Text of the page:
South Africa slightly relaxed its rigid apartheid laws on sport y announcing recently that racially mixed rugby football teams would now tour abroad.
CU Dr. Danie Craven interviewed
CRAVEN: "I think we should confine ourselves to the fact that a principle has been established for a multi-national team to go overseas. The other one is a method -- how are we going to select? That we will discuss with our friends, the blacks and the coloureds, and we'll come to a conclusion and a method."
REPORTER: "Will this be known as a Springbok team, or do you have any other name for it?"
CRAVEN: "No, it will be something far above the Springbok, it'll be a south African team. We as a Springbok team wouldn't like to lose our identity. Springboks have always been associated with whites. The leopard again has been associated with the blacks and the puma with the springbok head between them--that emblem has been associated with the coloureds. Nobody wants to lose his identity, but we will have an emblem--a composite badge of those three, which we will use. To us it will be something above the springbok, or the puma or the leopard."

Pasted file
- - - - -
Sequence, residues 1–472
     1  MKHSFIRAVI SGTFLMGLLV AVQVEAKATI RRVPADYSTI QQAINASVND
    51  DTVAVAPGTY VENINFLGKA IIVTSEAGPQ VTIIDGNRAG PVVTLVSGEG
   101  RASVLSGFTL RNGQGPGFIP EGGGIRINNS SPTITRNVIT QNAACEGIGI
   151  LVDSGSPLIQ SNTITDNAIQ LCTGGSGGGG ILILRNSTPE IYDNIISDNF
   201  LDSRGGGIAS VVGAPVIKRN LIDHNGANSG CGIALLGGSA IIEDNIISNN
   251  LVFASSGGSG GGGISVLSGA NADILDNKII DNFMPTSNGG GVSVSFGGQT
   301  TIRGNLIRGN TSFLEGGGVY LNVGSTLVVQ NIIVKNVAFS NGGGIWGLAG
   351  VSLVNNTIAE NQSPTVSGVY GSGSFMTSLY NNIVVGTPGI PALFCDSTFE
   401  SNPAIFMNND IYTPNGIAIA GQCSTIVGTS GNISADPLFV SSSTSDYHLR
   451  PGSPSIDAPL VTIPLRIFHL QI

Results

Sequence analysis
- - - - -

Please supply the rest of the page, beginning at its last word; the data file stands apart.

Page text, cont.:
Rugby is south Africa's number one sport and devotees of the game regard this development as a major break-through at a time when growing international criticism has cut down the number of countries willing to play against South Africa This has led to frustration and what experts say are falling standards in rugby. The move comes a year after the first break in the strict race laws controlling rugby in South Africa. Last year's French touring side were the first to play a mixed team in South Africa. The experiment was repeated this year when the New Zealand All Blacks played an invitation team which included two blacks and two coloureds.
SPORT - RUGBY
Script is copyright Reuters Limited. All rights reserved
Background: South Africa slightly relaxed its rigid apartheid laws on sport y announcing recently that racially mixed rugby football teams would now tour abroad. The President of the South African Rugby Board, Dr. Danie Craven, now says he will accept an invitation to send a racially mixed team to tour France in 1979. He explained to reporters how the team would be established.